“Arm and Wrist Injuries” are very common in the workplace. These injuries can happen in the workplace and they don’t need to be as a result of a specific incident. People can suffer arm and wrist injuries as a result of repetitive and consistent use (such as keyboarding, using the mouse or working with your hands all day in a factory)

Weekly Disability Income Benefits

Weekly Disability Income Benefits: A Brief Description

Temporary Total Disability Benefit – When you are not working at all :

You can receive benefits when the doctor says you cannot work at all or if the doctor has put you on light duty work and there is no light duty available. Once you have been out of work for a week, (the “waiting period”) you will be entitled to weekly lost income checks. If you are out of work for 21 days, you will be entitled to be paid for the waiting period as well. These checks are due 21 days after the injury and weekly thereafter.

These weekly checks will equal two-thirds of your pay to a maximum of $525.00, if you were injured on or after July 1, 2013. The maximum payment is $500.00 per week for injuries sustained from July 1, 2007 to June 30, 2013, $450.00 per week for injuries sustained from July 1, 2005 to June 30, 2007, $425.00 per week for injuries sustained from July 1, 2003 to June 30, 2005 and $400.00 for those injuries sustained from July 1, 2001 to June 30, 2003. These payments are not taxed.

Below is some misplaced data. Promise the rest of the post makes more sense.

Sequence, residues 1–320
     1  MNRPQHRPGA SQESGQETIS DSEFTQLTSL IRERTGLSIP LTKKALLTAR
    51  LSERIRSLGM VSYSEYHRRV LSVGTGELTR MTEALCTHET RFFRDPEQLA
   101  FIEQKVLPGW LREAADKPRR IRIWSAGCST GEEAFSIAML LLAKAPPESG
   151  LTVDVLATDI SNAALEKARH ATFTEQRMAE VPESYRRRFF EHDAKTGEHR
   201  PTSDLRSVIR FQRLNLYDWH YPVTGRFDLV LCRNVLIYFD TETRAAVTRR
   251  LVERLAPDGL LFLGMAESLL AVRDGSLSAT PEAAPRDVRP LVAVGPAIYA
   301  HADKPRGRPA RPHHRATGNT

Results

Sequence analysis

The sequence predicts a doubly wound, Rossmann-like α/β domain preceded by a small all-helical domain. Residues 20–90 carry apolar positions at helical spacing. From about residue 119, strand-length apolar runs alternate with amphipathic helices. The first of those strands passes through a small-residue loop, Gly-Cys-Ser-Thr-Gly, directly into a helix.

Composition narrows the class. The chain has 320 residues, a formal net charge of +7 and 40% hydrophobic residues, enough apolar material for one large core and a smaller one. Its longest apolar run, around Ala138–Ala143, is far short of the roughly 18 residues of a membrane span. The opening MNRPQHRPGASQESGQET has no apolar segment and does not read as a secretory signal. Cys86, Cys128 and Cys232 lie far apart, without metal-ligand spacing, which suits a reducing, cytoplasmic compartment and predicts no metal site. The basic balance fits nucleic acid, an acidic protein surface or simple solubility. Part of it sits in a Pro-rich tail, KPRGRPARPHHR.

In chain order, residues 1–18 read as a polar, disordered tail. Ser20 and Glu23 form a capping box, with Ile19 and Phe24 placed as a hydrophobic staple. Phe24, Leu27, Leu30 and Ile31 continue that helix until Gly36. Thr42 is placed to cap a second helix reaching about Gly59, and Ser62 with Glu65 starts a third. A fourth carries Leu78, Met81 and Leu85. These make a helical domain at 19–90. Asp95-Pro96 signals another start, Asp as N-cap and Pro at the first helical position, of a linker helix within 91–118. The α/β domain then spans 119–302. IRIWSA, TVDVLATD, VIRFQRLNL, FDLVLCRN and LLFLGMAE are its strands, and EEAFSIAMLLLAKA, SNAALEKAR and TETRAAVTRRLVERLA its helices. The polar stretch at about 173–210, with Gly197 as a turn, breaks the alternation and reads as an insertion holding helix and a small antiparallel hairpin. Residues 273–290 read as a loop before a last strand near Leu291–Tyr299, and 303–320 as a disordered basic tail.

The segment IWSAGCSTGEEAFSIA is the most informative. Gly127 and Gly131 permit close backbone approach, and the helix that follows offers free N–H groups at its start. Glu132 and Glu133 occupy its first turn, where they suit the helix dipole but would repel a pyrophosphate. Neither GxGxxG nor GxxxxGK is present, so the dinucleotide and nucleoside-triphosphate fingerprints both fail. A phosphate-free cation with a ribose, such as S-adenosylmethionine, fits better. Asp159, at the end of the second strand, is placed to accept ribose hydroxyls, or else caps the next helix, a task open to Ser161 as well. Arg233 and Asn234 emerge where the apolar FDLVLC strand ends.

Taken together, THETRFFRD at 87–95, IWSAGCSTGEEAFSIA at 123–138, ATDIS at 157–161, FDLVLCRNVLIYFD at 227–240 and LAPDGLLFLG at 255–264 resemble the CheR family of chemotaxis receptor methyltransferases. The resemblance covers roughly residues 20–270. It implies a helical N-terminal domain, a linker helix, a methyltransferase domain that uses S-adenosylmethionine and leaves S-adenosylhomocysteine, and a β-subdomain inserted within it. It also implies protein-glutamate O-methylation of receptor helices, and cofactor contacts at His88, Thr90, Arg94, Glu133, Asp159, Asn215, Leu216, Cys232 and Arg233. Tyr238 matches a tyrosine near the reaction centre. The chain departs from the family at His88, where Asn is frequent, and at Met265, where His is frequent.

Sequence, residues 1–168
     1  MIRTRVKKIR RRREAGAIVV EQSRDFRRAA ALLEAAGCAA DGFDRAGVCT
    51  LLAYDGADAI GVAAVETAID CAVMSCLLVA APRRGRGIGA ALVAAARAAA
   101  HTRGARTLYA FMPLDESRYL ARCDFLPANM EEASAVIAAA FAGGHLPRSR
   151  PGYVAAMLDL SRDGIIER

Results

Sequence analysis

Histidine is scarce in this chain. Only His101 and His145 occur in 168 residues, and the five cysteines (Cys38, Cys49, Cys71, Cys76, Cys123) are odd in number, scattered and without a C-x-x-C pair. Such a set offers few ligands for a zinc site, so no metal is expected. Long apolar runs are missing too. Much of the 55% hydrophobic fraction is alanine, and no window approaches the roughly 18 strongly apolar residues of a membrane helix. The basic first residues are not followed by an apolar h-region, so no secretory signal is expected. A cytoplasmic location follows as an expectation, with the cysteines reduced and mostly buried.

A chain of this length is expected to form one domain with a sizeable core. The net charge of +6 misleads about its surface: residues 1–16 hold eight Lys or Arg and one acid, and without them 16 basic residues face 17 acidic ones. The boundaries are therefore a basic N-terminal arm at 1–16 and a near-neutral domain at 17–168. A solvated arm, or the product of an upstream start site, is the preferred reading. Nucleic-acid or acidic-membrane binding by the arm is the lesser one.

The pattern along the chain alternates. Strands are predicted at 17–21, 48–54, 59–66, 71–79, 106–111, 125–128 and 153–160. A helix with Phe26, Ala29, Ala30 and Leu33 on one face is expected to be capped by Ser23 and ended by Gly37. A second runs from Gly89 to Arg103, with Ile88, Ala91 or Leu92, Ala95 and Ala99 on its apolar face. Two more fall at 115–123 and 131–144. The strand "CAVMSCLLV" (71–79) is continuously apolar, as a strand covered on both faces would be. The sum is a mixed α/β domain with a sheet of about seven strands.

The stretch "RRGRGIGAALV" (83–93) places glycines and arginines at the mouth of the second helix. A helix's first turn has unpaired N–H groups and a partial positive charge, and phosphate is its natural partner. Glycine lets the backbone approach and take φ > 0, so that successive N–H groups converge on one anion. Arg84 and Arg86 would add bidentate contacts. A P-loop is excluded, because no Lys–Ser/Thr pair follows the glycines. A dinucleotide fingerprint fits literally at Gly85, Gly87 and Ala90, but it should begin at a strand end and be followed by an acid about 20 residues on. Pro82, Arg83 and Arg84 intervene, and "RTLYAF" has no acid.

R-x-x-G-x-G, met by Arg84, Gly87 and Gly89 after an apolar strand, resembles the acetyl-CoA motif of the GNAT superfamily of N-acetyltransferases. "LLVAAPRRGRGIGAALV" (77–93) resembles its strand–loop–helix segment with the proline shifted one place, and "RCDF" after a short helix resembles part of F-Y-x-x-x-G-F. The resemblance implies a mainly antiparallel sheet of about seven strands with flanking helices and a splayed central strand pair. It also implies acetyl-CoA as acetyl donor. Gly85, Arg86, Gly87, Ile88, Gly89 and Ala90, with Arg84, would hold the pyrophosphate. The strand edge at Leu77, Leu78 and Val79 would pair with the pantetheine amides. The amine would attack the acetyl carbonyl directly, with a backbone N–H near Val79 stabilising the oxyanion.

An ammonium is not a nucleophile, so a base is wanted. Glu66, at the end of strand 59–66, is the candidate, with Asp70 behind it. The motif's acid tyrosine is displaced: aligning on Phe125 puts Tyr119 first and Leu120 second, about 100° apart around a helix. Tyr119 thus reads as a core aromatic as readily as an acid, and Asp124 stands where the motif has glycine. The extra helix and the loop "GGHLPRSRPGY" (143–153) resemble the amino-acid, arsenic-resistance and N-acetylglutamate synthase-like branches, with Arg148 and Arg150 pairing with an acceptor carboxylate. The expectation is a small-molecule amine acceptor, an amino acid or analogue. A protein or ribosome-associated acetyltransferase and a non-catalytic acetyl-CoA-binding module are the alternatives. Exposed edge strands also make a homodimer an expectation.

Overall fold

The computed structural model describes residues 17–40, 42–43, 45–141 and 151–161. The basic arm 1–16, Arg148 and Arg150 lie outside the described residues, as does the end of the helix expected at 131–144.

Temporary Partial Disability benefit – If you are working but earning less money:

If you have some work restrictions and can return to work but you are earning less than you were earning when you were injured, either because you are making less per hour or because you are working fewer hours, you will be entitled to partial disability benefits.

These weekly checks will be equal to two-thirds of the difference between what you made before you were injured and what you make after you were injured, to a maximum of $350.00, if you were injured on or after July 1, 2013. The maximum payment is $334.00 per week for injuries sustained from July 1, 2007 to June 30, 2013, $300.00 per week for injuries sustained from July 1, 2005 to June 30, 2007, $284.00 per week for injuries sustained from July 1, 2003 to June 30, 2005 and $268.00 for those injuries sustained from July 1, 2001 to June 30, 2003. These payments are not taxed.

Permanent Partial Benefit – If you have a permanent injury you will be entitled to money for your permanent disability:

See below for computation. These payments are not taxed.

Medical Benefits

The insurer must pay all of your medical bills as long as you to go to the workers’ compensation (company) doctor. There is no co-insurance, no deductible and no time limit. The insurer will have to pay for your medical bills as long as the doctor says that the treatment is for your job related injury. This can be a lifetime obligation. You have a right to see at least two doctors on the list of doctors that your employer is required to post. You have the right to ask the State Board of Workers’ Compensation to allow you to be treated by the doctor of your choosing. If you have received weekly benefits, you have the right to be examined by the doctor of your choosing within 120 days of your receipt of those benefits.

Reimbursement for Mileage